Try not to make accusations or be offended, and instead talk to them calmly in private. This should help the person not to feel embarrassed or distressed.

In rare cases, some people with dementia may go through a phase of being sexually aggressive – for example, making repeated demands for sex from their partner or other people.

If this happens, you might find it helpful to remove yourself or others from the situation until they calm down. It can be useful to ask any care workers if they have also noticed any inappropriate behaviour.

What can you do is a person with dementia is aggressive?

If the level or threat of physical force is difficult to manage, it is important that you still feel safe. If you do not feel safe, it is best to remove yourself from the situation and seek help. There are professionals and organisations who can support you, for example the non-emergency police line on 101, the Samaritans or Refuge (see ‘Other useful organisations’).

If you feel that there is an immediate risk of violence to yourself or others then you should call the police by dialling 999. You may feel uncomfortable or guilty about doing this, however it is very important that you and others are safe.

Why is a person with dementia being 'sexual' in public?

Dementia can affect a person’s inhibitions, which may mean they express private thoughts, feelings and behaviours – including those related to sex – publicly.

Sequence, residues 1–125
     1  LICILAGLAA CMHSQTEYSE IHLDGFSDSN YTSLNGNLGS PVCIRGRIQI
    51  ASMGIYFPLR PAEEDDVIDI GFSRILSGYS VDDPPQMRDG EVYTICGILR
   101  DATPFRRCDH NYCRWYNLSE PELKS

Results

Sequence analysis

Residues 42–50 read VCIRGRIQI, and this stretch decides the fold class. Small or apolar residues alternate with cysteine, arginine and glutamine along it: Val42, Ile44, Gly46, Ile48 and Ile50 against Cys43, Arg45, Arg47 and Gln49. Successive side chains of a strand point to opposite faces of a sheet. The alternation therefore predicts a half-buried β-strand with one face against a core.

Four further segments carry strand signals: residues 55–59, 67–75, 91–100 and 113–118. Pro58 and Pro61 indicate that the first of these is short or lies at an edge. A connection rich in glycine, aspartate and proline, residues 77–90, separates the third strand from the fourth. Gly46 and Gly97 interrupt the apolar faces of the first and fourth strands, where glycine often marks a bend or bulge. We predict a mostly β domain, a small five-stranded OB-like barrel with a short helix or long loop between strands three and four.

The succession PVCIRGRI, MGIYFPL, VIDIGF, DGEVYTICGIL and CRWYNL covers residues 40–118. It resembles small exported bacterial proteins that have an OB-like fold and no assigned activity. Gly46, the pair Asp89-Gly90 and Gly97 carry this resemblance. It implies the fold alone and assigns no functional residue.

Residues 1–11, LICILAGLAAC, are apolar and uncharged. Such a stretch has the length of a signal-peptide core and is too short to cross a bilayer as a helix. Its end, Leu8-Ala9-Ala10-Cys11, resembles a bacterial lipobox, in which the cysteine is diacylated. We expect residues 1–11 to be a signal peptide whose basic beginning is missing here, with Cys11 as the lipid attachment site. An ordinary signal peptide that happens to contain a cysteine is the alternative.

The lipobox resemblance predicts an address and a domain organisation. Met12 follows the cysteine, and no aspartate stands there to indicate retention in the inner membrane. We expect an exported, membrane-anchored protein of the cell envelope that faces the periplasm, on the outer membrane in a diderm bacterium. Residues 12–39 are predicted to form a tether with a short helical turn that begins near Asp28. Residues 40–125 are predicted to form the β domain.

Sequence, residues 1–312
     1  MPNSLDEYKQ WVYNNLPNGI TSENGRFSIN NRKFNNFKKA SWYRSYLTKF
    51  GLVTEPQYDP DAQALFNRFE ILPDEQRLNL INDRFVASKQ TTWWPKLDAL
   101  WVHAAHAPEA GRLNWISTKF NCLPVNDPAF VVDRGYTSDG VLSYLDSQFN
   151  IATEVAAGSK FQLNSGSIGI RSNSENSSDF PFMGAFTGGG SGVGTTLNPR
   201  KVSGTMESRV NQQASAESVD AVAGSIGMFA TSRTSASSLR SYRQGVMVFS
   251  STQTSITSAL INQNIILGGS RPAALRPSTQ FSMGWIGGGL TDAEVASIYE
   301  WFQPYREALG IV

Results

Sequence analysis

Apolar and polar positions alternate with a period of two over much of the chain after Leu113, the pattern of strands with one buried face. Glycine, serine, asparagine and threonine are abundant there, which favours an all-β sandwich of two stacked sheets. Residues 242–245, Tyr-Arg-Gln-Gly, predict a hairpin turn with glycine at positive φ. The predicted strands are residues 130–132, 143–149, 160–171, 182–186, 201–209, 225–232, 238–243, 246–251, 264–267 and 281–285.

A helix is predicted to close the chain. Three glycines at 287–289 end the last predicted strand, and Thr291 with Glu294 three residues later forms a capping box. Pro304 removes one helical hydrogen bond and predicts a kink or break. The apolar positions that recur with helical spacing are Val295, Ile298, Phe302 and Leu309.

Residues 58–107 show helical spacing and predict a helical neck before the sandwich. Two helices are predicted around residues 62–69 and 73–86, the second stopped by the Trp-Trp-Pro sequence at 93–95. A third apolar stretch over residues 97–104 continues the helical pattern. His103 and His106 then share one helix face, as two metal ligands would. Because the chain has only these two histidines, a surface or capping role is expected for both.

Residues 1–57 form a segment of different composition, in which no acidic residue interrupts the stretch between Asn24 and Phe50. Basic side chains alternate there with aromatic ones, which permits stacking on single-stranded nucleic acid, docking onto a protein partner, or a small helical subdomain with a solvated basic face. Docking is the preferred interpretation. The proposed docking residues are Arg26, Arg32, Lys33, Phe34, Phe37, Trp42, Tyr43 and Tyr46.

These thoughts, feelings and behaviours may be out of character. Sometimes a person with dementia may make sexual advances to others, or undress or touch  themselves in public. They may also use language that you have never heard them use before.

These situations can be very confusing, distressing, shocking or frustrating for someone with dementia, as well as for those close to them. The person with dementia may not understand why their behaviour is considered inappropriate. They may:

  • feel they are just expressing a need for affection
  • be misinterpreting other people’s behaviour and think that they are reacting appropriately
  • have mistaken someone for their current or previous partner and be behaving as they normally would towards them.

What can you do if a person with dementia is being 'sexual' in public?

If your partner behaves in a way which could be seen as sexual in public, you may feel embarrassed or upset.

You might feel that you want to protect them from other peoples’ responses to the behaviour – for example, if people are laughing or are shocked. It can help to quietly explain to others why the person with dementia is behaving in that way, for example, you could show a helpcard which explains the person’s diagnosis.

It can help to realise that behaviour that appears sexual doesn’t always indicate sexual desire. Instead, the person might be feeling or trying to indicate something different. If you can understand why someone is behaving in a certain way, it might be easy to understand their behaviour. For example:

  • Someone who begins taking their clothes off in public may be too hot and trying to cool down. Or they might be uncomfortable – for example, if their clothes are itchy or tight – and be trying to undress, while not realising that this isn’t appropriate in a public place.
  • Someone might also touch their genitals because they need to use the toilet.
  • They may be agitated or bored.